Amy Stewart

Candy is dandy, but books don’t rot your teeth. Ogden Nash’s witticism aside, dental health is only one of   reasons to give your Valentine  a copy of Amy Stewart’s  Wicked Plants : the Weed That Killed Lincoln’s Mother & Other Botanical Atrocities instead of a box of chocolates.  Approximately the size of a ballotin of  truffles, this little volume is  packed with scientific fact and  anecdotes  rendered in polished prose and graced with eerie copperplate etchings  sure  to send a  frisson  down the viewer’s spine. Its subject is the villains of the botanical world–plants whose innocuous appearance conceals their deadly potential. Stewart  leads the reader on a fantastic  tour of the dark side of the plant world pausing to expose garden variety rogues such as  Kentucky and Johnson grass, both of which can trigger severe allergic reactions. It detours  through truck farmers’ country to reveal  the evil hidden  veggies  as ubiquitous as carrots, celery,  corn and kidney  beans and as unusual  as Jamaican ackee fruit.  It goes on to show that  standard items in  American cottage gardens–lily of the valley, bleeding hearts, larkspur, delphinium, foxglove, hydrangea and chrysanthemums, for example– can be lethal.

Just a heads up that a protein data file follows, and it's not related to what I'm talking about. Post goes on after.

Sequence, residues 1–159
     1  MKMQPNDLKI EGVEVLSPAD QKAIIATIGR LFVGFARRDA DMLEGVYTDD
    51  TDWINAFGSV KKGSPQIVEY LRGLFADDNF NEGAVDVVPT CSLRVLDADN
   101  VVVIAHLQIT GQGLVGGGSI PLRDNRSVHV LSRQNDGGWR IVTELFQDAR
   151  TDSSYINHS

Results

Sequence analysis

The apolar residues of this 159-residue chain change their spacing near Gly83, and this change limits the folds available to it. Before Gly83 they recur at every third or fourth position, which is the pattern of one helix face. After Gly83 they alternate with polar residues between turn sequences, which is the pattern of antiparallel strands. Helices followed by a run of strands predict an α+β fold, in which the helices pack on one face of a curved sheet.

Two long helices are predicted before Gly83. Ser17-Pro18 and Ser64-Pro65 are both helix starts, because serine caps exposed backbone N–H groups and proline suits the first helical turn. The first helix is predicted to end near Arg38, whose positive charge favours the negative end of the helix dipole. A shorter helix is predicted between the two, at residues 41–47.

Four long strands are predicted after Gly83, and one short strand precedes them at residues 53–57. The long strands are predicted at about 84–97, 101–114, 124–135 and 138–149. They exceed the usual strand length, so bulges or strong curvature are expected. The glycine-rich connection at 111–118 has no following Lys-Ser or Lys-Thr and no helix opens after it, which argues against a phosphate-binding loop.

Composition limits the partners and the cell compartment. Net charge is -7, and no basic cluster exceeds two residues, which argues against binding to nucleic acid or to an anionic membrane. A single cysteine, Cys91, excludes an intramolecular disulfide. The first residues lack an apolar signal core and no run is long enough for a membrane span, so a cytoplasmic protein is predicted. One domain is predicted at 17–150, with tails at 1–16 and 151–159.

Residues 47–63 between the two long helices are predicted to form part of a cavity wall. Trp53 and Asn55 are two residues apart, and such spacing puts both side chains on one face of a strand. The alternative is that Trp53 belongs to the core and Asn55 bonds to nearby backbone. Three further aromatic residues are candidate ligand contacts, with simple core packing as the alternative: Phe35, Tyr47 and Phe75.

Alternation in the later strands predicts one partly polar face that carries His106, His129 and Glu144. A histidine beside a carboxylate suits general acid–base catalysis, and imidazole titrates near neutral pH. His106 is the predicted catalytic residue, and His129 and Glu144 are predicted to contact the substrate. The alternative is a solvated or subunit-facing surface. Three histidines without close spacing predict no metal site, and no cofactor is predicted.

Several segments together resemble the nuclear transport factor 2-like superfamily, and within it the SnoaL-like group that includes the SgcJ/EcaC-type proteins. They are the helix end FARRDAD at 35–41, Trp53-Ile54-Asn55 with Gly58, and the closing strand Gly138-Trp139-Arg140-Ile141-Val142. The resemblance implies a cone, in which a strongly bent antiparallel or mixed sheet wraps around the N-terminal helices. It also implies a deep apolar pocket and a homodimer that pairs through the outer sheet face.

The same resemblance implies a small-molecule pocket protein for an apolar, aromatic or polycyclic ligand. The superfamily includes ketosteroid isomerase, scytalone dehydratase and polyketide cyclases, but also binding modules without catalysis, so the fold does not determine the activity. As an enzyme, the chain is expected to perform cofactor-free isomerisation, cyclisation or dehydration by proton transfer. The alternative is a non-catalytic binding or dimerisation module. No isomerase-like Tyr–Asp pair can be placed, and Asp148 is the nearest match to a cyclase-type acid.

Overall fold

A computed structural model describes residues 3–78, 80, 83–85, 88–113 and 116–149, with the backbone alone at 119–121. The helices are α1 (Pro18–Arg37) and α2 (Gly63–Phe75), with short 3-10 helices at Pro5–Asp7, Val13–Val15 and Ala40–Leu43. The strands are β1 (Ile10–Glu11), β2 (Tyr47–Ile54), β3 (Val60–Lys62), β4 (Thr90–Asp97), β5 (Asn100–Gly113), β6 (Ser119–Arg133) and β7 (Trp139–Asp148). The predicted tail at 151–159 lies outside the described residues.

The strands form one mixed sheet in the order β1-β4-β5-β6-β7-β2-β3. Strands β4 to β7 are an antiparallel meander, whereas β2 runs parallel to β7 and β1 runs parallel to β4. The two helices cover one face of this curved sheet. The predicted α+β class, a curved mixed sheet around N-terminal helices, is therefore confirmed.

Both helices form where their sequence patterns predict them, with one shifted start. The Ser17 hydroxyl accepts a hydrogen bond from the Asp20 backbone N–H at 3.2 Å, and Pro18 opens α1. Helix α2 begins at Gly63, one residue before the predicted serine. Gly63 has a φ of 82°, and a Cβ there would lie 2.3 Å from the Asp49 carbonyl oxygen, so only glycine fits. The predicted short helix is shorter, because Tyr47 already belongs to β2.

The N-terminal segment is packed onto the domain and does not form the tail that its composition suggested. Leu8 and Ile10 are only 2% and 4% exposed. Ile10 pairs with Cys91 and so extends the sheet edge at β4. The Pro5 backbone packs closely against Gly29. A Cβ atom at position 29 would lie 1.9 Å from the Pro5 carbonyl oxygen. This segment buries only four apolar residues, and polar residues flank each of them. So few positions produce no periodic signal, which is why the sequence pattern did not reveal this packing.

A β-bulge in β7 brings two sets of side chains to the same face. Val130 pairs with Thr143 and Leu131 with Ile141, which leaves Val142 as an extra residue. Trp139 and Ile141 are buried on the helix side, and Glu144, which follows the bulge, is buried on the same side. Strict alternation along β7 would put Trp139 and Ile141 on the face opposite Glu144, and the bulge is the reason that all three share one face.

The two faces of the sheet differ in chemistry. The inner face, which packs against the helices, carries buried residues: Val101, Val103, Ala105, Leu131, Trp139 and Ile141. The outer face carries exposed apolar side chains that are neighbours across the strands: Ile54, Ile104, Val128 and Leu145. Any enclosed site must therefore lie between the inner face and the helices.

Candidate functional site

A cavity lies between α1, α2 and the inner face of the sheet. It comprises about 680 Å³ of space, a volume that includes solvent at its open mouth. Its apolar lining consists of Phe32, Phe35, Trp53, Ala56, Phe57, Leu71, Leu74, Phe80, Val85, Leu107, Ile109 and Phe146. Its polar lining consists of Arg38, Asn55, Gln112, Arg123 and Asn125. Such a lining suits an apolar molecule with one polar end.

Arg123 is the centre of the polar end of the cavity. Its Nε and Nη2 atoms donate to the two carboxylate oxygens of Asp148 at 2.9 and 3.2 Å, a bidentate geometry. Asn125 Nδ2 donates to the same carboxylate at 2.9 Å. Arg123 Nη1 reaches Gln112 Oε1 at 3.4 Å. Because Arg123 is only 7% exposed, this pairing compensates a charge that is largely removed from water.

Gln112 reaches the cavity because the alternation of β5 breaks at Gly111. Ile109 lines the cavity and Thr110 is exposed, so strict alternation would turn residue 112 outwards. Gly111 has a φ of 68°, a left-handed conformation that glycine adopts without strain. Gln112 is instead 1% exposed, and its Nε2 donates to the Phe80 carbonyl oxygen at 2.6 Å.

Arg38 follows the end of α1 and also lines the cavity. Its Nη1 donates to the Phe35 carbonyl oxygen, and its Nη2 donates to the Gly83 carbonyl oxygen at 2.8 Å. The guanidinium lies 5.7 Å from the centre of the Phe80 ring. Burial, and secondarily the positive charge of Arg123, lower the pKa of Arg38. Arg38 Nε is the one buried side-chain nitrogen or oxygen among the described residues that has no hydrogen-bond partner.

Stewart writes  that she did not  write her book to frighten people away from the outdoors.  Besides, danger also lurks in houseplants. Ficus trees can induce anaphylactic shock, philodendron can cause skin irritation  and so can the corrosive sap of Euphorbia.
When it comes to botanical atrocities, ignorance can kill.  Had Colonial America produced  a compendium on poisonous plants, Lincoln’s mother might not have perished at  age thirty-four, after having drunk  milk contaminated by white snakeroot, Eupatorium rugosum.  Neither would the early settlers of Jamestown, Virginia  had added thorn apple, Datura stramonium, to their diet.  I happen to be  one of the lucky people to have survived a walloping dose of the  tropane alkaloids present in datura , which I made into a salad when I was a pre-schooler. Although its toxicity varies, which explains why I lived to tell the tale, the side-effects of datura include high fever, hallucination and respiratory failure.
Just because your Valentine might be safe from contact with Datura, deadly nightshade, blister bush, peacock flower and poison hemlock  does not mean that he knows which plants to avoid when he puts together a floral love token.  Having read Wicked Weeds he will know that  azaleas, hyacinths, alstromeria, azaleas, Delphinium and many of the plants available at the florist’s on Heart Day are not exactly love tokens.   Briony Morrow-Cribbs’ copper etchings in Wicked Plants are in themselves a Valentine’s bouquet of surpassing beauty.